Sometimes there’s not much glamour to driving a sports car. Sometimes there’s a real shortage of roads through the Black Forest or curbside parking next to a sidewalk caf in Monte Carlo. Sometimes you’re just going to work, driving on worn-out pavement in the concrete jungle. You make the best of it, hoping only for a single corner or a straightaway where you can let the car (and yourself) loose for a moment.
The Mazda RX-8 wants to be the right kind of sports car when you’re trying to make the best of driving in the real world. It’s light and easy to drive. It’s affordable, only $25,700 for an entry-level model. Most of all, there’s room in the back seat for those people you’re always shuttling around town, and there are even four doors to make such trips as practical as possible. The Mazda RX-8 is a real car, not just a toy.
And yet the RX-8 never wants you to forget that it’s a sports car. It wants to be the right car to have when you cut over to Mulholland Drive on your way to work so you can maneuver those last four corners before you hit the Hollywood Freeway. It wants to be the right car to have in the Second Street tunnel, where you can buzz the engine right up to its redline just to hear the sound of the exhaust reverberating against the concrete. It wants to be the right car when it’s your own personal Zen to find the time and place every day to drive 100 mph on the San Diego Freeway. When you’re driving in a gritty, urban world, the RX-8 wants you to be able to make the best of it.
We’ll admit that it took us a very long time to get the RX-8. After all, there’s something wrongheaded about the idea of a four-door sports car. It sounds like a marketing ploy, not a real car. We’ve watched as designers have fiddled with the notion for nearly a decade, and there have been no torchlight parades to support the idea, even after Mazda adopted the concept with its RX-Evolv show car at the 1999 Tokyo auto show.
We finally decided that we needed a little perspective on the whole concept of a sports car with four doors, so we put the RX-8 together with two cars that presumably embody its underlying character. On one hand, the Nissan 350Z defines serious sports car performance. On the other, the BMW 330i defines the serious sporting sedan. We weren’t sure if we’d finally see the light or just fall into some kind of schizophrenic episode.
Of course, we ought to be pleased that there is still any sort of rotary-powered Mazda sports car at all. The RX-7 story ended in 1995 when the third-generation car disappeared from our shores after just three years and fewer than 14,000 sales. Since Mazda was sliding toward the financial abyss at the time, it seemed the rotary engine was about to be tossed onto the scrap heap, troubled by emissions, noise, and limited power potential. But Mazda’s inventive engineers never quit on their signature powerplant, and the normally aspirated Renesis (the name is a kind of acronym for “rotary engine genesis”) now produces 250 horsepower at 8500 rpm–as much power as the turbo-charged rotary of the third-generation RX-7.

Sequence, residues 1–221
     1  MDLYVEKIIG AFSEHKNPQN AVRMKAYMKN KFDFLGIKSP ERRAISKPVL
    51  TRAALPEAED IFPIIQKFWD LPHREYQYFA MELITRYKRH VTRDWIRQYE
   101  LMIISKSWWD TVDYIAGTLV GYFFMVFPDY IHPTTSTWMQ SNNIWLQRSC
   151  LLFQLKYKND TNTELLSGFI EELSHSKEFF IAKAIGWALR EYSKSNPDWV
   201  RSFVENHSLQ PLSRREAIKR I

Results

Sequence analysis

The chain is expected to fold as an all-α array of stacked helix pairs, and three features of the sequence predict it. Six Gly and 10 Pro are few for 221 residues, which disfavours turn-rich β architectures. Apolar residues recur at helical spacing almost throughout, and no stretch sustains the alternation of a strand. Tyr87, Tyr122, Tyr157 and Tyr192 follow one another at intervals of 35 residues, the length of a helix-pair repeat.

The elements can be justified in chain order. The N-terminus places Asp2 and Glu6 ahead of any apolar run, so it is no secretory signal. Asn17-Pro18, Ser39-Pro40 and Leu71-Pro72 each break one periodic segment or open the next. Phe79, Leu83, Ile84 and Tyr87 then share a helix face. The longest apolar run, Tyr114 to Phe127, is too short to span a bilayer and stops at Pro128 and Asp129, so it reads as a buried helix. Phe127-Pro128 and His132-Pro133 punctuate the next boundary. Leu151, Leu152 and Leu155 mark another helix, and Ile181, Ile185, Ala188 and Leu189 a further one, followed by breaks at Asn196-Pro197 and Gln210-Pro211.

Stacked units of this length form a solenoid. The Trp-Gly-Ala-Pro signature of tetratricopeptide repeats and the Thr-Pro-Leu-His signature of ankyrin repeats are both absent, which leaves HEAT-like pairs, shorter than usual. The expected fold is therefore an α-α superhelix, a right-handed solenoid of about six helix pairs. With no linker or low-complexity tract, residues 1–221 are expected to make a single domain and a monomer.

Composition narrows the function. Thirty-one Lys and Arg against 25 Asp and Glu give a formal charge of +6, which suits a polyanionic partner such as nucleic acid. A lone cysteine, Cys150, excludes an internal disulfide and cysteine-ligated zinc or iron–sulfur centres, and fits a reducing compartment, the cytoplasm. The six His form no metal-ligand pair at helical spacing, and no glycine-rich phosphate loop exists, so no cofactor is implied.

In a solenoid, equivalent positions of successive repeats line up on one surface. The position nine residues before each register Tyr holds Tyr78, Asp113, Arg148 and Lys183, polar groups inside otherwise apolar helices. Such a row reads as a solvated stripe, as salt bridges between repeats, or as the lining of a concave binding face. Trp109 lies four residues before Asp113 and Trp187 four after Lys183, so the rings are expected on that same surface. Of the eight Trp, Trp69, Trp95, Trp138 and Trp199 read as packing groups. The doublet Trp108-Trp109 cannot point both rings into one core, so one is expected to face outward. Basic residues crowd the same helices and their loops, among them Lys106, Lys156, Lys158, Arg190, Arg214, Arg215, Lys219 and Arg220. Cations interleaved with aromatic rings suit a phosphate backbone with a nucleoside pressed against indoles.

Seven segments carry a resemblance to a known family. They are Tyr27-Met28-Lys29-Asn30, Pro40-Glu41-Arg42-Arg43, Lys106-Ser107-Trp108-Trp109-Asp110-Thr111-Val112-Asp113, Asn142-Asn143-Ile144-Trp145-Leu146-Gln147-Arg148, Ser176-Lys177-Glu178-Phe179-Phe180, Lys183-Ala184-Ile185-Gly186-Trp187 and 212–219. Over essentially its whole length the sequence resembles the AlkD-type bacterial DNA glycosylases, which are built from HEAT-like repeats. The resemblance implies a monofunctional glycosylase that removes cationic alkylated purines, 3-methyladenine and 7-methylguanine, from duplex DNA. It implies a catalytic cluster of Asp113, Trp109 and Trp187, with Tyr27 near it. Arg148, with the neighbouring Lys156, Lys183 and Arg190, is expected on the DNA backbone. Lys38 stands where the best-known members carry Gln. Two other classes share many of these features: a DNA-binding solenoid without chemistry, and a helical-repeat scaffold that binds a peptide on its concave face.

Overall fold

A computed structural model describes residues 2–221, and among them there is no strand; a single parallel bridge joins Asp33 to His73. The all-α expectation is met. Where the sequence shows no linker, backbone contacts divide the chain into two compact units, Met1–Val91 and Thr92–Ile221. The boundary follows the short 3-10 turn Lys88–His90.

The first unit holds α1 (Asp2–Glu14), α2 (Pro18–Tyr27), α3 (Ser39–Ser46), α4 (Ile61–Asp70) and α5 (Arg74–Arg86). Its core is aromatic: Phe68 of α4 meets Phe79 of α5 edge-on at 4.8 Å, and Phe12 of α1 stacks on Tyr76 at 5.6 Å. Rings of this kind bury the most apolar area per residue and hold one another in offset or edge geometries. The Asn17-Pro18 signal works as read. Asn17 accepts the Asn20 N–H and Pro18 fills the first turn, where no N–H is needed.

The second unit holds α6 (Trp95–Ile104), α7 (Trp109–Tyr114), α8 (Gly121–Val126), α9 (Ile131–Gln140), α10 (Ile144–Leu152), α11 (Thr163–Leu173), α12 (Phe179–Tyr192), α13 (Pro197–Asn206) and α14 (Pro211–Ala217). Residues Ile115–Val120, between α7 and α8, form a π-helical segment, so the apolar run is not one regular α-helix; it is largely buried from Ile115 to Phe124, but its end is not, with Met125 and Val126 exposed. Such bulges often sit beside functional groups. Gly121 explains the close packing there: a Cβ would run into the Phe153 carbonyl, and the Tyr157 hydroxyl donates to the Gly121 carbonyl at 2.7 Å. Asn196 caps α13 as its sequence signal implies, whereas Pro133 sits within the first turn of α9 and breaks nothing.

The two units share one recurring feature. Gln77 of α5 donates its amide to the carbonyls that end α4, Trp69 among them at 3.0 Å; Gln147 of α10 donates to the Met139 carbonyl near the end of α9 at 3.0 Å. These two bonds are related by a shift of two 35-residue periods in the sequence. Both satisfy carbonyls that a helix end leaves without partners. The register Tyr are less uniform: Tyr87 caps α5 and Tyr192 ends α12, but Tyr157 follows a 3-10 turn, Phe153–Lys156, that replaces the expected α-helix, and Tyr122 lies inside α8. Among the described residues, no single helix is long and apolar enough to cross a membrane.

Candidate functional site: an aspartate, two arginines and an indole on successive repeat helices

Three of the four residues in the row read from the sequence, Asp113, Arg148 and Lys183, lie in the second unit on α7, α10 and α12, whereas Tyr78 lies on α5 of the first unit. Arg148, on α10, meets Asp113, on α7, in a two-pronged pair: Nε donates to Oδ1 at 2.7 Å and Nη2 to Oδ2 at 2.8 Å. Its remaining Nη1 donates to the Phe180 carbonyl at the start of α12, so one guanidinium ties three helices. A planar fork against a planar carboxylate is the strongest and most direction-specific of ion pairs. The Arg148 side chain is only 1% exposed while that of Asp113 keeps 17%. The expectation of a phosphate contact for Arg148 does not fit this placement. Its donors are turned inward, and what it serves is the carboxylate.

Yet the engine’s physical properties are the key to the RX-8. About the size of a magician’s suitcase, the lightweight rotary is tucked behind the centerline of the RX-8’s front wheels and positioned very low to the ground. This combination of a low polar moment of inertia and a low center of gravity lets the RX-8 change direction with little effort–the kind of dynamic response expected from a sports car. At the same time, the compact engine also allows for a four-passenger configuration and a trunk with 7.6 cubic feet of cargo volume to fit on a 106.3-inch wheelbase.
This kind of packaging efficiency has always been the spirit of Mazda sports cars, and you can see it even in the spare, chiseled shape of the RX-8. The front fenders and low hood seem shrink-wrapped around the components beneath. The RX-8’s profile isn’t so graceful, as the roof’s angular C-pillar (inspired by the first-generation 1979 RX-7) makes the car look heavy instead of purposeful. Altogether, the Mazda illustrates how automotive design has moved away from the stylized aerodynamic sleekness of the BMW 330i toward the geometric collage of the Nissan Z-car.
Surprisingly, there is no feeling of being shrink-wrapped when you’re behind the wheel of the RX-8. There’s an expansive view over the low hood, although the very high beltline to the side is in keeping with current sports car imagery. There’s a fraction more front shoulder room than in the BMW 3-Series sedan, as much head room as in a 3-series coupe, and a bit more leg room than in the Z-car. There’s a lot of style as well: The indirect lighting on the instruments has a bluish cast, and the black plastic finish at the bottom of the center stack looks great. The black vinyl and leather elsewhere in the interior don’t look as great (only the Germans can do black leather, it seems), but Mazda offers dramatic color-keyed accents in red or tan for the seats, door panels, and even the steering wheel.
It’s the rear seat that everyone wants to know about, of course. To make the center-opening “Freestyle” rear doors possible, Mazda puts a lot of structure into the RX-8, notably a raised tunnel down the centerline of the car. The rear seat fits an adult, and there’s just an inch less head and shoulder room than in the BMW 3-series sedan. It’s the leg room that suffers, as the RX-8 has nearly two inches less than the BMW (although a bit more than the rear seat of a Lexus IS300 sedan). Fortunately, Mazda designers left a crucial amount of space for your feet beneath the front seats (this area in sedans is often filled by power-seat paraphernalia), so you’re able to use all the leg room that’s available.
Given a certain amount of athleticism, two full-size passengers can clamber into the rear of the RX-8 and live back there for about an hour. It’s safe enough–the closed rear doors are secured to the bottom of the chassis with a series of steel pins, while curtain-type air bags provide head protection–but it’s damn claustrophobic, thanks to the high beltline and the tiny rear window.